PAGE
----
This document describes the structure of a typical GuideML article, the syntax of GuideML, and how to incorporate HTML tags into GuideML articles.
The Structure of a GuideML Article
The start of every GuideML article should begin with a
<GUIDE> tag. This lets the parser1 know that the article is written in GuideML.
Next comes the one section you must have - the
<BODY> section which contains the main text of the article. So a GuideML article with no content in it would look like this:
Other sections you may see are
<BODY> element you can put whatever text you want, and you can use other elements to add more structure and functions to your article. A complete list of GuideML tags can be found at the DNA GuideML Clinic.
Because GuideML is an XML (Extensible Markup Language) it has to obey certain syntactic rules that HTML can safely ignore. If you try to create a GuideML page that's illegal, our GuideML parser will complain and not let you create it. So here are the rules.
The comment syntax is
<!-- this is a comment -->. GuideML does not allow double hyphens inside a comment block, so
<!-----------this is a comment -------------> for example, will fail spectacularly2. This is a nasty one so it's best to avoid comment blocks altogether.
The ampersand character
& will cause problems in GuideML pages. You should use the code
& wherever you need the
& character (including in URL arguments to the
All tags have to be closed. This means that for every opening tag -
<P> for example - there has to be a corresponding closing tag -
</P> in this case. This is the biggest cause of GuideML syntax errors.
Empty tags (i.e. those with no content, like line breaks
<BR> and horizontal lines
<HR>) must also be closed, but there's a shortcut you can use. Putting a slash at the end of the tag, as in
<BR/>, closes the tag automatically:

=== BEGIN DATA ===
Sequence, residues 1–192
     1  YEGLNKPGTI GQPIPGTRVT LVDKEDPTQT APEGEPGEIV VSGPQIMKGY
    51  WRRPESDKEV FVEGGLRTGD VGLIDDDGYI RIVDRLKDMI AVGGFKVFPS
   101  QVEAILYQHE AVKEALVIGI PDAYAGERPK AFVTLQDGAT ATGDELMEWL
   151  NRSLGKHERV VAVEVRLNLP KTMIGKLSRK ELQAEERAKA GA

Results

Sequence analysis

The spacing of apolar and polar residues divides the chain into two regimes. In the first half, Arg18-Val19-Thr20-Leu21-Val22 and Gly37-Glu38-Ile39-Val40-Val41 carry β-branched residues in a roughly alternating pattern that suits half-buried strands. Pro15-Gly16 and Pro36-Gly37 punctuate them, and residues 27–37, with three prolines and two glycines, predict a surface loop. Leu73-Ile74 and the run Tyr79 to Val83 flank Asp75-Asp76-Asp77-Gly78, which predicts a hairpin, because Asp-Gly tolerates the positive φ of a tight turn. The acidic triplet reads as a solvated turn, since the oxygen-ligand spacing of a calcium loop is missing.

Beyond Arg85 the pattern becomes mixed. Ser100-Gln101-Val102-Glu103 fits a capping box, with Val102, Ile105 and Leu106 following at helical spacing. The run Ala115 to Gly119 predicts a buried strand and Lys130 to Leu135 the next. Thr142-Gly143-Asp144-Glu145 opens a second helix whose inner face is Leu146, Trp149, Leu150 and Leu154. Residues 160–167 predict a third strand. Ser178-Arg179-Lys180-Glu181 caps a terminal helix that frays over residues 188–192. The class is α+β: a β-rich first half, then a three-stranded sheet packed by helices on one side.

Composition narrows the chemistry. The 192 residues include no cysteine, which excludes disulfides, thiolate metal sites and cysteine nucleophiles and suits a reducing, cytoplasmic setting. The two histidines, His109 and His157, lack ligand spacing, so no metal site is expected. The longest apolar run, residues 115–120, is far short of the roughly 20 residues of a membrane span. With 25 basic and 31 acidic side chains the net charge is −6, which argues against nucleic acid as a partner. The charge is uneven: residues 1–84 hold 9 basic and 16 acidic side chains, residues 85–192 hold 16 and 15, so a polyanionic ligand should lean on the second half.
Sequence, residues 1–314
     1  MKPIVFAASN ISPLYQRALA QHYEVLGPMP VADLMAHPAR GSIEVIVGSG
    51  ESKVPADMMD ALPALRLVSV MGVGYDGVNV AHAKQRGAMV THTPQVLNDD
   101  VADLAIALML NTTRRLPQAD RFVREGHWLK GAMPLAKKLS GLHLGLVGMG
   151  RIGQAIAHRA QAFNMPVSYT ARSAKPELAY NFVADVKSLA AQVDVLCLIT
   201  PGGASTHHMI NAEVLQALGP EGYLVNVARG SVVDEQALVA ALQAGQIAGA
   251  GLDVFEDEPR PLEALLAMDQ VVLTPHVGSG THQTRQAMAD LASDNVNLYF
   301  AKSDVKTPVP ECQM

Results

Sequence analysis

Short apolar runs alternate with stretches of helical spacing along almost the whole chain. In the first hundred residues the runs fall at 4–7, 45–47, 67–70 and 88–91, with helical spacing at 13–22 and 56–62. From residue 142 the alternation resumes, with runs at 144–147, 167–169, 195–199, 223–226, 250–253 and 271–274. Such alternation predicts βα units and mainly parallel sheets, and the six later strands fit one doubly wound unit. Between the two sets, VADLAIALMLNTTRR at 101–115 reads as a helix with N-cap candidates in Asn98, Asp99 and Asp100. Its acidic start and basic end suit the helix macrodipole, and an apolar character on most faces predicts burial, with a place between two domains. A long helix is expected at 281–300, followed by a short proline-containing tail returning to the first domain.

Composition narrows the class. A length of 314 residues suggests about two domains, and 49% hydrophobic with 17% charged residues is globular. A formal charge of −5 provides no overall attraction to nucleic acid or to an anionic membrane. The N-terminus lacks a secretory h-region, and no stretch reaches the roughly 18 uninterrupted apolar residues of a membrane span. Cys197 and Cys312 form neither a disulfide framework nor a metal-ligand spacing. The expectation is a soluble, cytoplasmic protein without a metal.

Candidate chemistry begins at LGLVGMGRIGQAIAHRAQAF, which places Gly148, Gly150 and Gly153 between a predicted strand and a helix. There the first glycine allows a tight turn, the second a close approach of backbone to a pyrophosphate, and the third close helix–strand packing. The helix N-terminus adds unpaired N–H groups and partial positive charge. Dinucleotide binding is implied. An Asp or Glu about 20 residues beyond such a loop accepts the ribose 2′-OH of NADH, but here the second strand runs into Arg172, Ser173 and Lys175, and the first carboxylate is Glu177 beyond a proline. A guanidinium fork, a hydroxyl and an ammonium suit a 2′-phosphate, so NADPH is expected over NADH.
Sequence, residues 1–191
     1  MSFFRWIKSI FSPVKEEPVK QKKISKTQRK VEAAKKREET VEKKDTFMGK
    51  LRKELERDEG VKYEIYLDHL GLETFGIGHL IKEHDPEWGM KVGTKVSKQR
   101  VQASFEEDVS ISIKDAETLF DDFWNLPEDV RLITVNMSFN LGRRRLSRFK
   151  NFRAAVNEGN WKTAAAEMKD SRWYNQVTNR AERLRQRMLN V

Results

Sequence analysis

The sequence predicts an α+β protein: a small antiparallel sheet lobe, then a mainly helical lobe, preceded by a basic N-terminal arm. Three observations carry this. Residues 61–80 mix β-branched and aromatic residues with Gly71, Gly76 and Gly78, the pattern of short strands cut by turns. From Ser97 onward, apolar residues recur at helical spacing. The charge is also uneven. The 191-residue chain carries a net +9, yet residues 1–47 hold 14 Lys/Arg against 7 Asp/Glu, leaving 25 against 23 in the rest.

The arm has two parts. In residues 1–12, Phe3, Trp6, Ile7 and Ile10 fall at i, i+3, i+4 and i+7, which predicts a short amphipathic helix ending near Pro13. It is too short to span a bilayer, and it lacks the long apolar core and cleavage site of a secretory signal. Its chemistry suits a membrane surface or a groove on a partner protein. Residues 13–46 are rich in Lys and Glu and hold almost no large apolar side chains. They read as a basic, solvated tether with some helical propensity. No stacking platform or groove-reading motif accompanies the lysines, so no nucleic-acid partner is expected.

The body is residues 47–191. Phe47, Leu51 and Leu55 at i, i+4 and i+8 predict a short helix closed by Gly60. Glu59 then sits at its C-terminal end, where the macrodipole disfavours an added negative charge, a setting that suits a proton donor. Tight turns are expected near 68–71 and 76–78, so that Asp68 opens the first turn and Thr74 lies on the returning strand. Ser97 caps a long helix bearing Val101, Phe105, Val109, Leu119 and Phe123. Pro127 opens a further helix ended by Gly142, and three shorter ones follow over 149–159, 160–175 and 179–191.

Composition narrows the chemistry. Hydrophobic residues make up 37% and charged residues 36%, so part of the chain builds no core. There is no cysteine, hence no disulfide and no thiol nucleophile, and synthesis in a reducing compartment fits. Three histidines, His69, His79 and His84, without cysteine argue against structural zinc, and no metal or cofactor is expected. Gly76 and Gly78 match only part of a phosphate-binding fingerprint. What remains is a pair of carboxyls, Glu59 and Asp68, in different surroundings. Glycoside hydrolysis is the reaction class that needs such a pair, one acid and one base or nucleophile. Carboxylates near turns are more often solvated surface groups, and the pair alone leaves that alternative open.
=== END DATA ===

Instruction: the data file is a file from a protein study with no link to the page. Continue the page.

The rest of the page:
<BR/> means the same as
<BR></BR> (though the latter is not legal in GuideML). This closure can also be used with empty tags that have attributes, such as the
<PICTURE> tag, as in
GuideML tags cannot overlap, so you cannot have something like
<P><B>...</P></B> - instead it has to be
<P><B>...</B></P>. Like the layers of an onion, the tags 'pad' the enclosed text with 'coats' one 'over' another, so that a one-line paragraph with the the coding:
<P><I>Water, water, everywhere, and not a drop to drink.</I></P>
would appear like this:
Water, water, everywhere, and not a drop to drink.
But the GuideML wouldn't work if you marked up the text thus:
<P><I>Water, water, everywhere, and not a drop to drink.</P></I>
<I> 'coats' overlap, rather than enclosing one another.
The tags you use should be capitalised. This is for a technical reason3. Don't worry about having to change all the GuideML in all existing articles from lower to uppercase, though, because the parser will cope with both types. However, getting into the habit of putting your GuideML tags into uppercase letters is A Good Thing.
Attribute arguments must always be surrounded by double quotes, so for example
<P ALIGN=RIGHT> is invalid GuideML, but
<P ALIGN="RIGHT"> is correct.
Only non-numerical entities can be used - such as
π - as the XML processor eats up numerical ones before the h2g2 parser can get its hands on them. If you want to put in a numerical entity, don't use
π (for example), but use the
<ENTITY> tag like this:
<ENTITY TYPE="960"/>. See the article on Special Characters for more information.
A subset of HTML tags can be used in GuideML, as long as the syntactic rules above are followed. However, only tags which are documented in the DNA GuideML Clinic are guaranteed to work in the future.
1 That's the program that takes the GuideML and outputs HTML in different skins and potentially for different platforms. You don't need to know this, but it might impress any friends you have who are techies.
2 Your page will not display at all and an XML error message will be shown.
3 And the reason is that in XML, every tag has to be defined and listed in the DTD (short for Document Type Definition). The tags in this list are case sensitive, and we would have to list both upper and lower case tags in the DTD, if we allowed both
<P> for example. In that case, the system would have to work through a list twice as long as a list which only allowed
<P> tags, making the whole process slower. Or something like that. We chose uppercase tags because they stand out more than lowercase ones - which is handy when you're furrowing your brow, trying to figure out why there are error messages all over the place.
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